DRM CI Merged Into Linux 6.6 - Linus Torvalds: "Let's See Where It Goes"

Written by Michael Larabel in Linux Kernel on 10 September 2023 at 03:26 PM EDT. 9 Comments
In addition to all the open-source kernel graphics/display driver updates for Linux 6.6, merged this afternoon ahead of the Linux 6.6-rc1 tagging is merging of the DRM continuous integration (CI) code to hopefully lead to better testing of DRM subsystem/driver changes.

Now upstreamed into the mainline Linux kernel is the DRM CI integration that is used by the FreeDesktop.org GitLab to facilitate user-space testing across various GPUs of DRM changes pending for the kernel.

David Airlie commented in the DRM CI pull request:
"From my perspective I think it's an experiment worth going with and seeing how the benefits/noise playout keeping these files useful.

Ideally I'd like to get this so we can do pre-merge testing on PRs eventually.

Below is some info from danvet on why we've ended up making the decision and how we can roll it back if we decide it was a bad plan.

Why in upstream?

- like documentation, testcases, tools CI integration is one of these things where you can waste endless amounts of time if you accidentally have a version that doesn't match your source code

- but also like the above, there's a balance, this is the initial cut of what we think makes sense to keep in sync vs out-of-tree, probably needs adjustment

- gitlab supports out-of-repo gitlab integration and that's what's been used for the kernel in drm, but it results in per-driver fragmentation and lots of duplicated effort. the simple act of smashing an arbitrary winner into a topic branch already started surfacing patches on dri-devel and sparking good cross driver team discussions

Why gitlab?

- it's not any more shit than any of the other CI

- drm userspace uses it extensively for everything in userspace, we have a lot of people and experience with this, including integration of hw testing labs

- media userspace like gstreamer is also on gitlab.fd.o, and there's discussion to extend this to the media subsystem in some fashion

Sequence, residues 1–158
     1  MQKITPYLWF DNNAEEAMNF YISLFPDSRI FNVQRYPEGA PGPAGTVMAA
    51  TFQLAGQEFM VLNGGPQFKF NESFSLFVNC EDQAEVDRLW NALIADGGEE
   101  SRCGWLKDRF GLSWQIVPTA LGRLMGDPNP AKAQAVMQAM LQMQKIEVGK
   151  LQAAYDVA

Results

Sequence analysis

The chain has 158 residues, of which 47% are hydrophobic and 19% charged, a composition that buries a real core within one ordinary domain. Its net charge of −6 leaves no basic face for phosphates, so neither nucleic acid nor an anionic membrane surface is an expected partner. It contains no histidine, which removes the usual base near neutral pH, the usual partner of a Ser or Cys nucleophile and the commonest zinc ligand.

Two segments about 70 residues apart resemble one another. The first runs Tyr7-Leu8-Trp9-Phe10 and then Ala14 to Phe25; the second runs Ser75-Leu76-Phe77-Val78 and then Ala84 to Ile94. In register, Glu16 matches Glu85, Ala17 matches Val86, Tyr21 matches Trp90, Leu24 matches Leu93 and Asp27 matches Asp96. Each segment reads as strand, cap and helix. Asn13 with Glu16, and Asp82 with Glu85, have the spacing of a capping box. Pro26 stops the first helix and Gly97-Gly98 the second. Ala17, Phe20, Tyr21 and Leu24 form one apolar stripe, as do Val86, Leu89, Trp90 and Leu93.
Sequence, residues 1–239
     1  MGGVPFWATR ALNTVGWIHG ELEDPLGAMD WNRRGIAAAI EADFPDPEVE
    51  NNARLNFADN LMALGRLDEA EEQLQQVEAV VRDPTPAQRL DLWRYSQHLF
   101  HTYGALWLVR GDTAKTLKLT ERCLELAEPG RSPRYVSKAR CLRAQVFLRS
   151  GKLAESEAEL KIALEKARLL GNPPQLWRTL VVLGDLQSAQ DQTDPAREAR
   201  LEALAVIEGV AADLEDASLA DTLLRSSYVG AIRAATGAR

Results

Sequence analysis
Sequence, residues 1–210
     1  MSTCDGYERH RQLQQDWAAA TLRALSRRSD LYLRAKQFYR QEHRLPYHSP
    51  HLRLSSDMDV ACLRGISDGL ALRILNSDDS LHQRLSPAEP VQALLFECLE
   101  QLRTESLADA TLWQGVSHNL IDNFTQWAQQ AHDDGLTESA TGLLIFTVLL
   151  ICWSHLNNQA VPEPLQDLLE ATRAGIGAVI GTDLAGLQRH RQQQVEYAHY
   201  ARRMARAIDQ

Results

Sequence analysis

Will we regret this?

- it's all in one directory, intentionally, for easy deletion

- probably 1-2 years in upstream to see whether this is worth it or a Big Mistake. that's roughly what it took to _really_ roll out solid CI in the bigger userspace projects we have on gitlab.fd.o like mesa3d"

Adding all of these DRM CI files to the mainline kernel adds 5.5k lines of new text files, YAML files, and other bits used by their GitLab CI infrastructure for facilitating the pre-merge testing.

Phoronix graphics card testing array

Linus Torvalds has decided to accept this DRM CI integration into the mainline kernel to see how it plays out. After deciding today to go ahead and merge the DRM CI bits, he wrote on the mailing list:
"So I finally had no other pull requests pending, and spent some time looking at this, and I see nothing offensive.

I did wonder how this then expands to having more than one subsystem using this (and mixing them possibly on the same CI system), but that's more about my ignorance about how the gitlab CI works than anything else, so that's certainly not a real concern.

The other side of that "I do wonder" coin is for when others want to use the same tests but using some other CI infrastructure, whether it's some AWS or google cloud thing, or github or whatever.

Anyway, considering that both of my idle curiosity reactions were about "if this is successful", I think me having those questions only means that I should pull this, rather than questioning the pull itself.

If it works out so well that others want to actually do this and integrate our other selftests in similar manners, I think that would be lovely.

And if - as you say - this is a failure and the whole thing gets deleted a year from now as "this didn't go anywhere", it doesn't look like it should cause a ton of problems either.

Anyway, it's in my tree now, let's see where it goes."

We'll see over the next year if carrying this CI integration bits in the mainline kernel pays off and if it leads to any broader continuous integration efforts within the Linux kernel upstream community.
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Michael Larabel is the principal author of Phoronix.com and founded the site in 2004 with a focus on enriching the Linux hardware experience. Michael has written more than 20,000 articles covering the state of Linux hardware support, Linux performance, graphics drivers, and other topics. Michael is also the lead developer of the Phoronix Test Suite, Phoromatic, and OpenBenchmarking.org automated benchmarking software. He can be followed via Twitter, LinkedIn, or contacted via MichaelLarabel.com.

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